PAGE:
In Which Avocados and Dark Chocolate Make a Scrumptiously Rich Dessert…

I solemnly swear, this is going to be GOOD...

I solemnly swear, this is going to be GOOD…

I’ve mentioned in the previous entry how much I love avocados for the way they add a healthy sort of richness to savoury dishes such as sandwiches and salads.  Most people, however, don’t share my love for avos in this particular context; they would rather have their alligator pears well-sugared to take off the bitterness with a dash of milk thrown in for good measure.  The resulting sweet mush is frozen and pretty much eaten like a non-dairy frozen dessert that, while not as creamy as proper ice cream, is certainly richer and more substantial than a standard-issue sorbet.

Avocados prepared and eaten this way have always left me rather cold, no pun intended.  Avocados prepared as dessert have just never worked for me…until recently.

Bash 'em up good...

Bash ‘em up good…

As mentioned previously, it’s avocado season in these parts and a kilo of these greeny-purple fruits will set you back just P 50.00 (US$ 1.15) and I was looking for ways by which I could extend my enjoyment of these seasonal treats.  That was when an article on The Huffington Post‘s Taste section came in handy.

One of the delicious-looking recipes featured in the article was one for avocado brownies from the blog How Sweet it Is.  Here, avocados are pretty much used to take the place of dairy products to give the finished fudge richness and a gorgeously smooth, bittersweet flavour that makes them more grown-up than conventional brownies, whether made to the fudge or cake methods.

Seriously, you won’t miss the butter or milk in these magnificently decadent squares.  The mashed avocado makes the texture so incredibly dense and chewy that you might not really go back to the dairy-enriched original.

A few things, though: be sure to use dark chocolate with at least 55% cocoa solids to produce the wonted results.  You need that particularly more-bitter-than-sweet character to balance the flavor.  Another thing, I have never seen the avocado oil called for in the original recipe in any supermarket here in the Greater Manila Area.  As a result, I resorted to extra-virgin olive oil to help smoothen the texture of the batter and add a slight but nevertheless delectable fruitiness to the finished product.  And, instead of the granulated white sugar in the original recipe, I used muscovado sugar to add a bit of a caramel-like overtone.  Besides, it’s healthier than plain white sugar.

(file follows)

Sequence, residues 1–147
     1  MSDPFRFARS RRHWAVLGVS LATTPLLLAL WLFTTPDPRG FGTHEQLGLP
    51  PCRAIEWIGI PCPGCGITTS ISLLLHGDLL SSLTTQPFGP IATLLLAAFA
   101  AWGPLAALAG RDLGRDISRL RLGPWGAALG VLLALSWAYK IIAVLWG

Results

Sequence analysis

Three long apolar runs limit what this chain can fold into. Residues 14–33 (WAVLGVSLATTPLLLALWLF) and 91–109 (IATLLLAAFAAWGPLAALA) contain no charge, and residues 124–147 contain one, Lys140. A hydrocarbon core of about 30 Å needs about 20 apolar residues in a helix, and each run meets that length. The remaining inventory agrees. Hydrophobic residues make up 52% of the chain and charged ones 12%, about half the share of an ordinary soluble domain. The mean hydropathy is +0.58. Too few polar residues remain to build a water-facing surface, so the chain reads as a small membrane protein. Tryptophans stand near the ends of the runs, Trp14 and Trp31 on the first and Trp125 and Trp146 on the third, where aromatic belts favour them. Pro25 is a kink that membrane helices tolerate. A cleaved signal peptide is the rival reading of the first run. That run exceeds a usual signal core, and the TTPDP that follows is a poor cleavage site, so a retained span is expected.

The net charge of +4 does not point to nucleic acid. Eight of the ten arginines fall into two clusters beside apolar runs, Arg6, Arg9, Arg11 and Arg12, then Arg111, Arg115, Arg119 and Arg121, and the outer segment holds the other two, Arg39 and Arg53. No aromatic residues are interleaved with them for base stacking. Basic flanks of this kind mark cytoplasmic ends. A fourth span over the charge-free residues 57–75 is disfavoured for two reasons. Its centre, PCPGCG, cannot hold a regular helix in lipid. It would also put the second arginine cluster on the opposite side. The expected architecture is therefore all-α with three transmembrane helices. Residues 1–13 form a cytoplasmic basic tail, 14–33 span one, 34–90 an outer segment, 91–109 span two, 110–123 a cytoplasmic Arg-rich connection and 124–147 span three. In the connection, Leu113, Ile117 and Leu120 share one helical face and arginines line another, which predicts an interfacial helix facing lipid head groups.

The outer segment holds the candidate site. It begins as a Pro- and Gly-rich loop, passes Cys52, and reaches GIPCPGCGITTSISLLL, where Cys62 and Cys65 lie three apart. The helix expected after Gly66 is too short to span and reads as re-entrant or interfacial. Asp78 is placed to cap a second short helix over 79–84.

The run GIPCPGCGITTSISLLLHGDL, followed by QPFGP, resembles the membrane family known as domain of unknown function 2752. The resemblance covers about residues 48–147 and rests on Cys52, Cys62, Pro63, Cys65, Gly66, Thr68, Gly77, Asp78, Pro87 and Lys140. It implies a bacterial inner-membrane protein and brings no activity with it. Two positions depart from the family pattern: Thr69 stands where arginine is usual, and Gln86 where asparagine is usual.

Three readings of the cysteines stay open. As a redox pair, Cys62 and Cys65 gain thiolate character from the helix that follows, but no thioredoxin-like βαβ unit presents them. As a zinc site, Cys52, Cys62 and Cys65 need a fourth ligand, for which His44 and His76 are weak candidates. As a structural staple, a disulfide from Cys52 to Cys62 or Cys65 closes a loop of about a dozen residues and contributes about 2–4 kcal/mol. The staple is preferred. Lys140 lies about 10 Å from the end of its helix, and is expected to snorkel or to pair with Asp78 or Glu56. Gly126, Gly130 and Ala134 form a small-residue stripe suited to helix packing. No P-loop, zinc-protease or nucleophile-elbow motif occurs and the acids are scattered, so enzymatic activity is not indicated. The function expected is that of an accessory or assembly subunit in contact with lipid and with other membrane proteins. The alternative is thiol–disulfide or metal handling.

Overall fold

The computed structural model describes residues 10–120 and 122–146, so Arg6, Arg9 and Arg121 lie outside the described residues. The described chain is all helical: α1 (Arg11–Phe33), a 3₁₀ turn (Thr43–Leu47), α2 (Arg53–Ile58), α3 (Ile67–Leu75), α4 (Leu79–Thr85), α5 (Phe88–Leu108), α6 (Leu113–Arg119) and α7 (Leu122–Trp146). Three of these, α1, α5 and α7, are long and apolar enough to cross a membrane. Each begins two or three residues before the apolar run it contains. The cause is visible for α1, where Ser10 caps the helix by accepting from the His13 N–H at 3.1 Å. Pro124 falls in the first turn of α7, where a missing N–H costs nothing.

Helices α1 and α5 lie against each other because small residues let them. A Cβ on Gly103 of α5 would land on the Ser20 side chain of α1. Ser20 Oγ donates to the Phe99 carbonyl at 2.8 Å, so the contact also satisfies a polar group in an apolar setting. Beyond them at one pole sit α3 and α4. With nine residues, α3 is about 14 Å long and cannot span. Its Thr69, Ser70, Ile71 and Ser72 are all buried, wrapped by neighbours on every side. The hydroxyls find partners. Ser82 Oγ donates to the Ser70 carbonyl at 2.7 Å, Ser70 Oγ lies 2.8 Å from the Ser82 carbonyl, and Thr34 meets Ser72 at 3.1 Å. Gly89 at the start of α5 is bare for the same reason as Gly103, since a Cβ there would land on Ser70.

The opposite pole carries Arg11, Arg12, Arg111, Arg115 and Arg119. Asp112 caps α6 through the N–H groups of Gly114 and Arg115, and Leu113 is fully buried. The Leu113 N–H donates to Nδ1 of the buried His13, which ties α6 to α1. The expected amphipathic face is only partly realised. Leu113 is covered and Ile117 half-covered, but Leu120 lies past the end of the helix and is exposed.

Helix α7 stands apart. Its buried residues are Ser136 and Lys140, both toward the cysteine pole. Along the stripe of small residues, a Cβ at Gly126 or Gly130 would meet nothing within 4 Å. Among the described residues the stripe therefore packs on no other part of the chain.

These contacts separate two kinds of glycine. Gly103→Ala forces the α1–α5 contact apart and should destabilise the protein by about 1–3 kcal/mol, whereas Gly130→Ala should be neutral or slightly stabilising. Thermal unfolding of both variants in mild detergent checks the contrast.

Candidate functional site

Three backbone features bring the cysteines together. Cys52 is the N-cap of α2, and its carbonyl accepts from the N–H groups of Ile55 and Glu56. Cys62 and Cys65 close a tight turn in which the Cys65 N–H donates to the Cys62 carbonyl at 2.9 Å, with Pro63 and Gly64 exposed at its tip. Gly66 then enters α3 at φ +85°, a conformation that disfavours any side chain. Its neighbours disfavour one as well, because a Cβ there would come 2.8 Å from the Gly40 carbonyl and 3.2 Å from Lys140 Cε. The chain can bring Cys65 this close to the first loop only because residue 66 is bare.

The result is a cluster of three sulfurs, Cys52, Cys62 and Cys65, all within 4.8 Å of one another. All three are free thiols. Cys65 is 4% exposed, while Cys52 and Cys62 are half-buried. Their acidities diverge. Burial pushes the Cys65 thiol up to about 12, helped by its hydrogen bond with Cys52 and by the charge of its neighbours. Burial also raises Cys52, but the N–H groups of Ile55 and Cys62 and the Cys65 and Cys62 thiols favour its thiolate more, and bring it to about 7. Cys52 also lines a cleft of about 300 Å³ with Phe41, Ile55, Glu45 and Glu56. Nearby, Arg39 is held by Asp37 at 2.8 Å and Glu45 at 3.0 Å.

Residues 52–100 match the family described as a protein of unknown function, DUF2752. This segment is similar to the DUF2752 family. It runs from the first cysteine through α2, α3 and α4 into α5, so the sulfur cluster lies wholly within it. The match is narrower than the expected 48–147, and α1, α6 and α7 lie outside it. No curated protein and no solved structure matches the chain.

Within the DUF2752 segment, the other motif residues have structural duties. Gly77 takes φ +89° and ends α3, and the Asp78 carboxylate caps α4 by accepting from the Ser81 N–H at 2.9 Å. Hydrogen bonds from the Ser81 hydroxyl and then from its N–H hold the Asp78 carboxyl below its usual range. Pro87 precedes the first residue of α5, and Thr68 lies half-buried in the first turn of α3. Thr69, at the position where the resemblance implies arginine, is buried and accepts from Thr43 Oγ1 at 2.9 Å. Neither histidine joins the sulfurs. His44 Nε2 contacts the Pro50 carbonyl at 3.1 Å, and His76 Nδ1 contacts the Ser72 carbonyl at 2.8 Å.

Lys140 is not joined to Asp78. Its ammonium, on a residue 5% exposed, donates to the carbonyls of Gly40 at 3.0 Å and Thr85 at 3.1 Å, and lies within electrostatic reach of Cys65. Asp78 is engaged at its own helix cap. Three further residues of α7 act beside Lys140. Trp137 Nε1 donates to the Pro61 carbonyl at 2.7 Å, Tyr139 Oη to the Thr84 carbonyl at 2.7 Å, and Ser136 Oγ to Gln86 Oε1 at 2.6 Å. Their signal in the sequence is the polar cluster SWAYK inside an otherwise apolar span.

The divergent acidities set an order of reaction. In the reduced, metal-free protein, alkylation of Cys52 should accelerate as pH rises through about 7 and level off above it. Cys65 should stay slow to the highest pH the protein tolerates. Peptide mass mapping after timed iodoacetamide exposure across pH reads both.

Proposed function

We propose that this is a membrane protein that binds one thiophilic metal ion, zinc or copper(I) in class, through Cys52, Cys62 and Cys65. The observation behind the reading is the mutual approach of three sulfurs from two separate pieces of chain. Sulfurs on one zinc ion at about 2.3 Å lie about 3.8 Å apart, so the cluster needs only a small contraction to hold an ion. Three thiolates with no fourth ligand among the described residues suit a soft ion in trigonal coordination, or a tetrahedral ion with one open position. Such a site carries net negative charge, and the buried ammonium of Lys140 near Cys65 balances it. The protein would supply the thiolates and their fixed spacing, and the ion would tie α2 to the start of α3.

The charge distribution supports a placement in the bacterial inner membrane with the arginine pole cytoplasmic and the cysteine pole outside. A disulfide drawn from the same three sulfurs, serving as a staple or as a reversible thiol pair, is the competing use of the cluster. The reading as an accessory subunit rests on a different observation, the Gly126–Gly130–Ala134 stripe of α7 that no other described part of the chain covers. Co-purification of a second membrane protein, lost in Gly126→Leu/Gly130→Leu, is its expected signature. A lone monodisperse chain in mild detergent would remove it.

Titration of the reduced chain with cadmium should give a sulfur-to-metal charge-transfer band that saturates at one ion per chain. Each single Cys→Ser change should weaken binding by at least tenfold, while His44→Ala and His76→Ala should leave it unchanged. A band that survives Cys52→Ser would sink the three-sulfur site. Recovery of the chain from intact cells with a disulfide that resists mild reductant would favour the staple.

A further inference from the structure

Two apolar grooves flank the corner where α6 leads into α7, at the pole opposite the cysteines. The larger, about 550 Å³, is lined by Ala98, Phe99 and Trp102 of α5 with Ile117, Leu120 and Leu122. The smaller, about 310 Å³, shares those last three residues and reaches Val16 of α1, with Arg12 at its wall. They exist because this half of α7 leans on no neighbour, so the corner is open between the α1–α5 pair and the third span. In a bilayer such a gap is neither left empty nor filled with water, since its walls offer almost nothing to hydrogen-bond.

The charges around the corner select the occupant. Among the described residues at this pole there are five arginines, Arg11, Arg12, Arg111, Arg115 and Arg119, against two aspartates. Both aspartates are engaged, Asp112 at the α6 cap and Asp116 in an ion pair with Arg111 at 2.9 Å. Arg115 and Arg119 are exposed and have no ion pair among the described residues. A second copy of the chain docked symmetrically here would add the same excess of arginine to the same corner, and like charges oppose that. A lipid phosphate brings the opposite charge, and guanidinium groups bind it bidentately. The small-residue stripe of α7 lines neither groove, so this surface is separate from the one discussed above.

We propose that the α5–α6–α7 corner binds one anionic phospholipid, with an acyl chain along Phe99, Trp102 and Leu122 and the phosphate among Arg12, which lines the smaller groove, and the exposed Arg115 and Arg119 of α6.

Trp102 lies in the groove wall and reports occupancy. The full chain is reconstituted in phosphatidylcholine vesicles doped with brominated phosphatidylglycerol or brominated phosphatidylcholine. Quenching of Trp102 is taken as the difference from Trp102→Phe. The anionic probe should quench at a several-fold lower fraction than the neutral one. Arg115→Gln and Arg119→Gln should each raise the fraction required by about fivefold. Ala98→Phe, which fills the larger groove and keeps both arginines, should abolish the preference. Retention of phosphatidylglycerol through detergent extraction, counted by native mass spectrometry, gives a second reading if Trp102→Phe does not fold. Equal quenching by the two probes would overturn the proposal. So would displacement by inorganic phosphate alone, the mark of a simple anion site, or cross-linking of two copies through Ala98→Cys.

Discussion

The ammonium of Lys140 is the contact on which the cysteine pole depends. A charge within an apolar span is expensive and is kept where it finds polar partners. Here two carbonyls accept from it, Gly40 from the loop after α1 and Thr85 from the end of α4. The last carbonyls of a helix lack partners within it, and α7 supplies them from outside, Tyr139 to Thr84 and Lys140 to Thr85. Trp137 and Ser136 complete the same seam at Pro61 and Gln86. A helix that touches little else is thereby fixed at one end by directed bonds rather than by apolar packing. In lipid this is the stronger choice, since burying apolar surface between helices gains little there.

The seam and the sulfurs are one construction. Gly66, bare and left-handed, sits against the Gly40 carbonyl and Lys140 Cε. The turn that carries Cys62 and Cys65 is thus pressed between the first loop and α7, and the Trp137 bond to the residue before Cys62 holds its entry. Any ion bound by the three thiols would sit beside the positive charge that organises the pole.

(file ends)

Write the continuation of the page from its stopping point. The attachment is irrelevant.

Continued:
Incidentally, while the recipe also calls for two eggs, I daresay you can turn this into a jim-dandy vegan treat (and I don’t say that too often) by replacing them with 1/2 cup pureed silken tofu.

Yes, they really do bake to that dark a shade...

Yes, they really do bake to that dark a shade…

Avocado Fudge

  • 2 large ripe avocados, peeled, seeded, and mashed as finely as possible
  • 1/4 cup unsweetened cocoa powder
  • 1 cup muscovado sugar
  • 2 eggs or 1/2 cup pureed silken tofu (drained, unsweetened taho)
  • 1 teaspoon vanilla extract
  • 1/4 teaspoon coarse salt/sea salt
  • 1/2 teaspoon baking soda
  • 3/4 cup all-purpose flour
  • 3 tablespoons extra-virgin olive oil
  • 200 grams (2 bars) dark chocolate, melted
  • 100 grams (1 bar) dark chocolate, coarsely chopped

Preheat oven to 350 degrees / Gas Mark 4; grease a 9-inch square cake tin or any cake tin of similar size.

Carefully mix together the mashed avocado and melted chocolate until well-combined.  Stir in the sugar, eggs (or tofu), salt, and vanilla extract; mix well.  Sift in the flour, cocoa powder, and baking soda; mix until well combined.  Stir in the olive oil until a relatively smooth batter is achieved.  Fold in the chopped chocolate and pour into the prepared tin.

Bake for 30 – 35 minutes; fudge will not test done when you poke it with a toothpick or skewer as it is very much like an extra-moist mud-cake.  Allow to cool completely, then chill for at least two hours before cutting into small squares.  Keep the squares small as the fudge is incredibly rich.

Makes approximately 36 – 40 small squares.

 

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